Samui Wining & Dining
Dear ,Oh Deer

Don’t be afraid, venison is surprisingly easy to prepare, cook, and eat.


2-3The word ‘venison’ comes from the Latin ‘venari’ which means to hunt. It originally described the meat of any game animal killed by hunting, but nowadays it‘s only used for deer.

      Deer meat has been important in the human diet since prehistoric times. They are ruminant animals belonging to the family Cervidae. They have antlers (rather than horns) and small stomachs. They don’t graze on grass like other antelope, choosing rather young leaves, shoots, lichens, berries, herbs, acorns, mushrooms, wild fruit and agriculture crops, like corn and soya bean.

      There is only one species of deer in which the female also has antlers, namely the reindeer (or caribou). The antlers of deer are the fastest growing living tissue on earth. Unlike horns, antlers are true bone and are composed primarily of calcium and phosphorus. They are shed and grown anew every year. They grow from pedicels located on the frontal bone of the skull, which begin growing at a couple months of age, and provide the base from which the antler will grow. Deer grow their first set of antlers when they are approximately one year old.

      The eyes of deer, being situated on the sides of their head, afford them a 310 degree view. They also have an excellent sense of smell, and can detect predators from a long distance away, clearly something which needs improving or we wouldn't be discussing how to cook them in this article.

     Venison is just as versatile as beef and can be eaten as steaks, roasts, sausages, jerky (dried meat eaten as a snack), and minced meat. Its flavour is very similar to that of beef, but is richer and more 'gamey'. It has a finer texture, and is leaner than beef, although its age has an influence on its tenderness - the younger the animal, the more tender the meat. Older animals need to be aged first before eating. Marinating can help tenderise an older animal - a couple of hours in vinegar at room temperature, or overnight in buttermilk is sure to do the trick. Venison burgers are, in fact, so lean that they often require additional fat or blending with beef, to achieve the taste and texture of a normal burger.

      As with most meats, certain cuts lend themselves to certain methods of cooking or preparation. Here are some tips for choosing the best cut:

       For roasting, choose a whole fillet, saddle, loin, haunch, or shoulder. For grilling, barbecuing, or frying, choose loin steaks (either medallions or filet mignon), shoulder steaks, or haunch steaks like topside or silverside. For braising and pot-roasting, choose the haunch (either on the bone, or boned and rolled), shoulder, or shank (foreleg). For stews and casseroles, choose the shin or a boneless shoulder. Venison liver is also good to eat, with a sweet flavour and a tender texture. It can be gently fried, or eaten in pâtés or terrines.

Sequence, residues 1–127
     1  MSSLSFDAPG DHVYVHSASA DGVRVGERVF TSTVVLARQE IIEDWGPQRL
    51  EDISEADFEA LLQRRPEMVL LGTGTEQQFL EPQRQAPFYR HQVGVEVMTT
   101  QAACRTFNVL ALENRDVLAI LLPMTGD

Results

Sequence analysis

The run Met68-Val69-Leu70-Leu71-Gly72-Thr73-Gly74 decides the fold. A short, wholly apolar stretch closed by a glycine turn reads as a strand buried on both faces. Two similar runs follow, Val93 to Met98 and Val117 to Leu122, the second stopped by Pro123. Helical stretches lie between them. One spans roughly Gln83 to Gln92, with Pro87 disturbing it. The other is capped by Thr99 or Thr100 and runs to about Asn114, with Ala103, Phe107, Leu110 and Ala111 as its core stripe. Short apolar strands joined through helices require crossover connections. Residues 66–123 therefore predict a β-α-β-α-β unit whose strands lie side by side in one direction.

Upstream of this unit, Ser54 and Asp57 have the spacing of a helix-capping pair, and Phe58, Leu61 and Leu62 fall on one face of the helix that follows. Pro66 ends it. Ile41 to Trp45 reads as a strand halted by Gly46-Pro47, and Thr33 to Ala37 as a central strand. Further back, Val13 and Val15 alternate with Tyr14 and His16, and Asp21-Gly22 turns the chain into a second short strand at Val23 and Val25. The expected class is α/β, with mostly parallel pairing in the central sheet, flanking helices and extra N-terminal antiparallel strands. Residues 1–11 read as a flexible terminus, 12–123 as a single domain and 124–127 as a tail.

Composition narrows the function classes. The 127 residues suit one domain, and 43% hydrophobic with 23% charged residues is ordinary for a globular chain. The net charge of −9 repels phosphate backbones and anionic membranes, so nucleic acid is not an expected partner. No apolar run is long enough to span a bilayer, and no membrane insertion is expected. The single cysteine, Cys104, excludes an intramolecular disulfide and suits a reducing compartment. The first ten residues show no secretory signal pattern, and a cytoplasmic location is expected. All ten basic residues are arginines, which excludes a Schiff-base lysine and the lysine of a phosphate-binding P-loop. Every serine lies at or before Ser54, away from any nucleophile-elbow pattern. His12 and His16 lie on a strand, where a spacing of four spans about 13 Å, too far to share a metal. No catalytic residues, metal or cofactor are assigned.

Venison has higher iron levels than any other red meat, and even contains omega 3 fats (the healthy fats usually found in oily fish). While most animal meats are high in saturated fat, wild game meats have a low fat content (which makes them a good option for people on a reduced fat diet). Venison has three times less cholesterol than beef, and has just one gram of saturated fat per 113g, compared to beef’s four grams. Because it's lower in fat, it is also lower in calories. The protein levels are the same - using the 113g example above, both venison and beef steak contain about 24 grams of protein. So all in all, venison is definitely the healthier option.

         When buying venison, try and go for wild venison, or at least free range if possible. The strength of flavour and fat content can vary quite substantially between free range and farmed meat.

         As far as cooking venison goes, it's as easy as cooking beef. The only extra consideration is the low fat content, so ensure you use moist-cooking methods (like stews or pot-roasts) or marinate before cooking. If you choose a ‘dry’ method, such as roasting, try to avoid overcooking, or serve with a sauce. Flavours that work very well with venison include juniper, gin, red wine, port, rosemary and redcurrant.

         The internet is full of delicious recipes using venison from rich stews with red wine, to Thai recipes using coconut cream, ginger and galangal. There is also talk of a deer farm in Issan, which sells meat locally as well as exporting it. So really, even though deer aren’t native to Thailand, there’s no reason why you shouldn’t be able to find it here.

         After all, with all its health claims, it’s nice to eat something that is actually good for you.


Colleen Setchell


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